Diane Terry-Lee, RMT
Member of ANBMT & MARA
REGISTERED MASSAGE THERAPIST AND ACUPUNCTURIST (P): 1-506-476-1515 (E): dterry@rogers.com

Mysofacial Release

 

Mysofacial Release helps to free tissue so your muscles work better

Performing myofascial release has demonstrated the necessity of exploring the cause of the  pain along with treating the pain itself.

What is Fascia?

Fascia is a continuous laminated sheet of connective tissue that extends without interruption from the top of the head to the tip of the toes.

When fascia is dehydrated or tight, your body can experience limited mobility and/or pain.

When Fascia Is Injured

Because fascia is all interconnected and permeates all regions of the body, when it scars and hardens in one area (following injury, inflammation, disease, surgery, etc.), it can put tension on adjacent pain-sensitive structures as well as on structures in far-away areas.

Treating Fascial Restrictions

The fascia is "released" in areas that have a strong "drag" on your area of injury. This is a whole body approach to treatment. A good example is the chronic low back pain patient; although the low back is primarily involved, the patient may also have significant discomfort in the neck. This is due to the gradual tightening of the muscles and especially of the fascia, as this tightness has crept its way up the back, eventually creating neck and head pain. Resolution of the low back pain requires release of the fascia of both the head and neck.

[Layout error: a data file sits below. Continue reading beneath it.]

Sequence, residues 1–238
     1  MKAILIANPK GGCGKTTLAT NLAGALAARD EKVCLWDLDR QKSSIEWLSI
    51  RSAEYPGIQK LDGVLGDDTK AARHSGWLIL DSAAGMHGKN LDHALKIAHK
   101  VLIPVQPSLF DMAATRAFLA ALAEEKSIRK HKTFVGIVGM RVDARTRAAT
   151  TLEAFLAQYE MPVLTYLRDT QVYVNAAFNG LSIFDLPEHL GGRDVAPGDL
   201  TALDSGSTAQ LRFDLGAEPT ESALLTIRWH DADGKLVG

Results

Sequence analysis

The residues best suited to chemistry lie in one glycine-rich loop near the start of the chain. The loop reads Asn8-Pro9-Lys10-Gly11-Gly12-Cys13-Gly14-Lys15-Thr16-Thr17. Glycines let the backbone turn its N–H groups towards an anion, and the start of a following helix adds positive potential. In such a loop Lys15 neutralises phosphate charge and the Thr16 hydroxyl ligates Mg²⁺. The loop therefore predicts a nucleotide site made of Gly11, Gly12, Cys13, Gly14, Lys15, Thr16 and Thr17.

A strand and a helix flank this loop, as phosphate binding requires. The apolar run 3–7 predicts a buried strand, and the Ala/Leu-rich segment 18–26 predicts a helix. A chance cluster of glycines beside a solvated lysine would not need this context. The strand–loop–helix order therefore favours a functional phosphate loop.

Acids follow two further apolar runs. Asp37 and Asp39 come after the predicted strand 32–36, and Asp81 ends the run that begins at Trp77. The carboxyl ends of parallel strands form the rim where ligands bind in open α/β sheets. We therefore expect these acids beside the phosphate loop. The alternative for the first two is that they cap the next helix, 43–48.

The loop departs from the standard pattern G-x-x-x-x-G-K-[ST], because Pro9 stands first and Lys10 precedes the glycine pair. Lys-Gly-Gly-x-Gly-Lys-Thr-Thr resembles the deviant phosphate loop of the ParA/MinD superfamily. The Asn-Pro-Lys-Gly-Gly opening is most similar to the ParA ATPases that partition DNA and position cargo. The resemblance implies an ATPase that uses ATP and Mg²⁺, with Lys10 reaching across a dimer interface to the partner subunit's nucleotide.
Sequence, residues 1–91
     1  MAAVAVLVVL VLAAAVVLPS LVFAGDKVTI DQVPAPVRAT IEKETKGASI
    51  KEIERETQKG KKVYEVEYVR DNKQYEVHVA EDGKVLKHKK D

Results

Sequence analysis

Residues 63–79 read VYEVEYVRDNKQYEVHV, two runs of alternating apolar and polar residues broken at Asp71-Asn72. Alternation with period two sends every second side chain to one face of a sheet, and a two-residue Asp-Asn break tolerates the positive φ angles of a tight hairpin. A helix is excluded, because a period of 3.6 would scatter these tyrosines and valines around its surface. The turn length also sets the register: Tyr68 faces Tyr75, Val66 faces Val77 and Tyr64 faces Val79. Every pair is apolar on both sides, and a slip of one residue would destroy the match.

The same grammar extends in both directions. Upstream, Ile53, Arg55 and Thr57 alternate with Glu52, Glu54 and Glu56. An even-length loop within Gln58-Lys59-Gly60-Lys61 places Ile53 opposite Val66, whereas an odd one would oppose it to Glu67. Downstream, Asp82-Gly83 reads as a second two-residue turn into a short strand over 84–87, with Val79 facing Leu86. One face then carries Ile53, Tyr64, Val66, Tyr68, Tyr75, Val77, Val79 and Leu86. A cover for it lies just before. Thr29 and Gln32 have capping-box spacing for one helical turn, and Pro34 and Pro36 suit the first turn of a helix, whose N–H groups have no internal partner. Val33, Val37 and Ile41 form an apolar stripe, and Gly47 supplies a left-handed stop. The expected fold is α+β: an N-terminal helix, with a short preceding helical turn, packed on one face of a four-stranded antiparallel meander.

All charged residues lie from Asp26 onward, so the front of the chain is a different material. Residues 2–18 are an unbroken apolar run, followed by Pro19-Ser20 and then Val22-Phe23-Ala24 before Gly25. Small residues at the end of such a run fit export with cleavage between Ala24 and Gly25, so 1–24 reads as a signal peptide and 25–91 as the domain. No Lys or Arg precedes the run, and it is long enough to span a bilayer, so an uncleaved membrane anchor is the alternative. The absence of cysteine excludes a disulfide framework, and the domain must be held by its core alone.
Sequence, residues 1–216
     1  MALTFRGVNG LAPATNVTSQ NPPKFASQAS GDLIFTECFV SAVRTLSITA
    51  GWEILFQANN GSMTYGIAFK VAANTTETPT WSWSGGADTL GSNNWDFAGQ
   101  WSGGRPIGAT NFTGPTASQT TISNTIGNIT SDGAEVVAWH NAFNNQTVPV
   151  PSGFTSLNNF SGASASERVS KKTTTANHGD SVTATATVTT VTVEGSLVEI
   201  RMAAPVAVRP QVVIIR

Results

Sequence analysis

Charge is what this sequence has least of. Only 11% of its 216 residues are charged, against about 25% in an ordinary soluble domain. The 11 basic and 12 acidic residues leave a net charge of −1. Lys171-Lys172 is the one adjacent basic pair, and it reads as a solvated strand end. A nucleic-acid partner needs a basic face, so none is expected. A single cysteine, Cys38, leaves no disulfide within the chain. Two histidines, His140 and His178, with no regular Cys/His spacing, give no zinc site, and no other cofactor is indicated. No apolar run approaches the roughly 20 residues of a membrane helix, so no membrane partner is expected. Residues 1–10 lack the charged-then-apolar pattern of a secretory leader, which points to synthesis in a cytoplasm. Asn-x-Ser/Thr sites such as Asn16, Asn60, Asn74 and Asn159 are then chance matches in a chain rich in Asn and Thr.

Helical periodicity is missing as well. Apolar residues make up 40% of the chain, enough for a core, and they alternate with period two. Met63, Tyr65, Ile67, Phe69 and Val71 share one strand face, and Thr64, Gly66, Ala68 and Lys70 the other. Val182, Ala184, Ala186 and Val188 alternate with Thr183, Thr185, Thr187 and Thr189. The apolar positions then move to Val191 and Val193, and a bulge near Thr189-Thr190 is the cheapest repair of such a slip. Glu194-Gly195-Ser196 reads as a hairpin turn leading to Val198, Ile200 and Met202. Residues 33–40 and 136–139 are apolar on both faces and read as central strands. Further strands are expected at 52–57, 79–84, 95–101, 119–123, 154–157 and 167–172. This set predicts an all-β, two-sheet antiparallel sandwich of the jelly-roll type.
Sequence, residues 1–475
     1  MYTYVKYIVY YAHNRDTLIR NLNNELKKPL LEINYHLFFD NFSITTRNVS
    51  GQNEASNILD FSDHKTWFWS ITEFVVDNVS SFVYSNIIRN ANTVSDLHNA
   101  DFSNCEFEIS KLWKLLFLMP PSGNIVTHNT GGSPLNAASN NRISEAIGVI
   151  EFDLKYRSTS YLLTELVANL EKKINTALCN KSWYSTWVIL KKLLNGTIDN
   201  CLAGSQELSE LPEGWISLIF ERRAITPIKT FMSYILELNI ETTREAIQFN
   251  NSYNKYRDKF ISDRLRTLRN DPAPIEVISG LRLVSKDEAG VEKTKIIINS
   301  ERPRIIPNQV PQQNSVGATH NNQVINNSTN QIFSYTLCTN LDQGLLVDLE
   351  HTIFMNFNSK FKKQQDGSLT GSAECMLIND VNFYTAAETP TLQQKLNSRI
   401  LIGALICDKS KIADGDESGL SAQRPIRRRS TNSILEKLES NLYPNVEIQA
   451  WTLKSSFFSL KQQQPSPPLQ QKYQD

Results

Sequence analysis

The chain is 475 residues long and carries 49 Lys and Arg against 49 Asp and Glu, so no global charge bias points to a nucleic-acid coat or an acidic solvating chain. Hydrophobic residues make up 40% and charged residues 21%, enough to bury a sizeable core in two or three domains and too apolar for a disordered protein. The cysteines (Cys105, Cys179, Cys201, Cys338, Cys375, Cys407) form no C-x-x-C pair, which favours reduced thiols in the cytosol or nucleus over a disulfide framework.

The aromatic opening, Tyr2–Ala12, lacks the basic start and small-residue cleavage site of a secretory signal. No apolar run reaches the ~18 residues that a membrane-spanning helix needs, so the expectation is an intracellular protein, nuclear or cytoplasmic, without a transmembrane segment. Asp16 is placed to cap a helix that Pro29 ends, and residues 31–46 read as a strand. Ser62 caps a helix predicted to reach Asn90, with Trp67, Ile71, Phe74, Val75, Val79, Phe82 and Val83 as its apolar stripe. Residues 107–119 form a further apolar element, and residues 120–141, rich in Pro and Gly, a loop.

Muscle provides the greatest bulk of our body's soft tissue. Because all muscle is enveloped by and ingrained with fascia, myofascial release is the term that has been given to the techniques that are used to relieve soft tissue from the abnormal grip of tight fascia ("myo" means "Muscle").

A key to the success of myofascial release treatments is to keep the pressure and stretch extremely mild.

Mysofacial Release therapy

Your comfort is very important and feedback is encouraged throughout the treatment